PCS: These "Personal Computer Sound" scripts manage the playing of computer sound. Such sounds can be used at a given place on the layout to play any sound that can be recorded and converted to a .wav format. Wolves howling in the mountains is a static sound played from one location only. Musical songs being played as a train traverses the layout use stereo sound so that the sound seems to follow the train around the layout (for the RHJ Rail Christmas Holiday Train, historic steam excursion train, and so on).

TOS: "Track Occupancy Status" system scripts are typically called from other scripts to report changes to the current status of the layout.

These scripts display information on the TOS system schematic diagram to show the location of every train on the layout.

In addition, the TOS system reports other important information such as which turnouts are in the "thrown" position at any time, which scripts are to be run when running under a Master Script (see below), and a number of other important variables which affect the smooth operation of the layout.

TMS: The "Turnout Management System" scripts keep track of the status of every turnout on the layout and display those turnouts that have a state of "thrown" on the TOS system schematic diagram on a computer screen.

This system has the ability to set all the turnouts required for a train to run on any route on the layout and to return those turnouts to normal (typically "closed") status upon completion of the run. This functionality applies to both automatic and manually operated routes.

When turnouts are changed by a script, the script records the new status (thrown or closed) of the turnout so this can be displayed on the computer console and so that other scripts can determine each turnout's position when required.

Accessories: This type of script can be invoked manually by a button on the main JMRI computer window or from another script.

These scripts include all the special effects on the layout, which are mentioned elsewhere, and they keep changing as more are added. A few examples include a helicopter dropping in for donuts at Tim Hortons, a children's playground in a station park, a fire alarm with flashing emergency lights, traffic lights and siren sounds, a "Santa Car" on which Santa and an elf operate a hand-car back and forth as the car goes around the layout, a skating rink with music and lights in the winter corner of the layout and many others.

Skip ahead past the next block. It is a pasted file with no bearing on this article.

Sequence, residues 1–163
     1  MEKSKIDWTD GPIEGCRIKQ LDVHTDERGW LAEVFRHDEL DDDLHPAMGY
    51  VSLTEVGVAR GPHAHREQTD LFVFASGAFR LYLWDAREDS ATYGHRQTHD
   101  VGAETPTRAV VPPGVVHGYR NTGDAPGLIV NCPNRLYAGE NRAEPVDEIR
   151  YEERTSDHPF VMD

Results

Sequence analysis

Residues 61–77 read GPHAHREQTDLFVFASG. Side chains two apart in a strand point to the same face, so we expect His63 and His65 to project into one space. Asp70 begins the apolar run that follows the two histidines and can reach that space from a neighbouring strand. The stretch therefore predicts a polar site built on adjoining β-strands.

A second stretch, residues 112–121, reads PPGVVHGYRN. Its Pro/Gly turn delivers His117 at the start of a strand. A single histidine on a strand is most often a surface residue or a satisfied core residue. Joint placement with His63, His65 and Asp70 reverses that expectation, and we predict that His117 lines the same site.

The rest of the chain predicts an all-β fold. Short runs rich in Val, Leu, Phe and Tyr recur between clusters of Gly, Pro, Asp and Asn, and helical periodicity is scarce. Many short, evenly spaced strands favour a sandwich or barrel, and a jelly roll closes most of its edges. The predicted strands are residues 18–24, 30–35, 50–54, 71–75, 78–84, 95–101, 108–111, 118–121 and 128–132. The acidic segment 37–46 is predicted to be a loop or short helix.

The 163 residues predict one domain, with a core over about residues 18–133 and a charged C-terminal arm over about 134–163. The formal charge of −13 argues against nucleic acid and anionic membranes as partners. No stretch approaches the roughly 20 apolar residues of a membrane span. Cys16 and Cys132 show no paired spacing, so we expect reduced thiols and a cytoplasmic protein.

Master Scripts: Simply put, a Master Script is a script that accepts a list of other scripts to be run and the conditions under which they are to operate. More details can be found on Technical - Page 7

Telegraph: This is really a special effect accessory but deserves to be in a category by itself since it has so many special components and it can be operated separately from the rest of the layout.

Features of this RHJ Rail sub-system include the ability to encode specific messages and set the speed (words per minute) and other factors in the messages sent. For ease of understanding, these have been set relatively slow.

And just for fun, there is an actual antique telegraph device attached to the system which can be used to receive messages. However, the volume on this is somewhat louder than that in the HO stations

The whole system is controlled by the RHJ Rail Automated Operations Control Centre (AOCC) using a Windows computer, JMRI, Digitrax DCC, and a number of custom-designed gizmos, many of which are based on mobile decoders.

In fact, the Morse Code dots and dashes are generated by flashing a lighting function on and off using a Digitrax decoder. It is unlikely that this could be done using a handheld throttle because the response speed is just too slow. It turns out that computer-generated commands can be sent over Loconet quicker than commands sent from a throttle.

Other aspects of scripts are discussed on Technical -page 7 but you would have to be really interested to go there!

continued on Technical - Page 5

More details on any of the above can, of course, be obtained by contacting RHJ Rail.